Chang (1992) estimates the total accessions of rice in all germplasm banks to be 250,000. Of these, there were approximately 120,000 distinct accessions and 5000 wild accessions. Chang estimates that 10% of landraces remain uncollected.
The International Rice Genebank (IRG) at IRRI has more than 82,000 registered accessions, and of these almost 3000 are wild species and 1300 are O. glaberrima. If we take varietal name as an indicator, about 50,000 of the O. sativa accessions are unique (M. Jackson, personal communication, 1996). China has a collection of 61,000 accessions at the China National Rice Research Institute near Hangzhou, and the US has a collection of 16,476 accessions (N. Rutger, personal communication, 1996). There are also large germplasm collections in India, Thailand, Indonesia and Japan and another collections of wild-rice germplasm at the National Institute of Genetics, Mishima, Japan (Oka, 1991). ORSTOM and IRAT-CIRAD have about 4000 samples of seeds of wild and cultivated African rice and some Asian landraces that have been cultivated for a long time in Africa (Board on Science and Technology for International Development, 1996, p. 31).
Small scale efforts at in situ preservation of germplasm are being tried by some government research programmes and by non-governmental organizations (NGOs). Jackson (personal communication, 1996) reports some attempts to preserve wild species in Thailand and attempts by NGOs to preserve landraces in the Philippines, Vietnam and Thailand.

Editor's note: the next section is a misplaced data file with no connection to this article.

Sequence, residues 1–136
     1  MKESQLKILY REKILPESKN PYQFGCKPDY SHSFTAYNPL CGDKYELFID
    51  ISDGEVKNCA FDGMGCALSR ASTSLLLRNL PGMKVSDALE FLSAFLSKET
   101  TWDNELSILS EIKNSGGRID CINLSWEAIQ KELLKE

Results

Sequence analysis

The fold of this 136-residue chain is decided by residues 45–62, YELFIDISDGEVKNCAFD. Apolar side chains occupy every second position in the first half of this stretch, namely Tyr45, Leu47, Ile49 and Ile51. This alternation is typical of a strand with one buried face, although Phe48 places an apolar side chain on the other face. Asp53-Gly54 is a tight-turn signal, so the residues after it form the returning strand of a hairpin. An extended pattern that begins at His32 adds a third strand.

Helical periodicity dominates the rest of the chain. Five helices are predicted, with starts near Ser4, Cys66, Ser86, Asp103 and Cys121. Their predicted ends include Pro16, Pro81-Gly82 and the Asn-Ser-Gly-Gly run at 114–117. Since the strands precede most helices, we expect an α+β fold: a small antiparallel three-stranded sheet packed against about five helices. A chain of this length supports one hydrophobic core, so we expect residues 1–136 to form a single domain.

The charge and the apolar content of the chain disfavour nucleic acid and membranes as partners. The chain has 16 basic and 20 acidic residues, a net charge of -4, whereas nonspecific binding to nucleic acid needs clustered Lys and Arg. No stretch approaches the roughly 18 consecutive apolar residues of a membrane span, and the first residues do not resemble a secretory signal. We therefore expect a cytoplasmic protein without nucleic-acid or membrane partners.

Landraces remain to be collected in remote areas. One country in particular where there is much diversity is Laos. IRRI is collecting samples there now. Wild species still have not been extensively collected in Australia, East, Central and South Africa, and South America. In some Asian countries there are still areas where collection remains to be done (Jackson, personal communication, 1996).
The cost of maintaining the IRG is about $700,000 annually. The cost of all rice germplasm collections is approximately $3-4 million (Evenson 1996).
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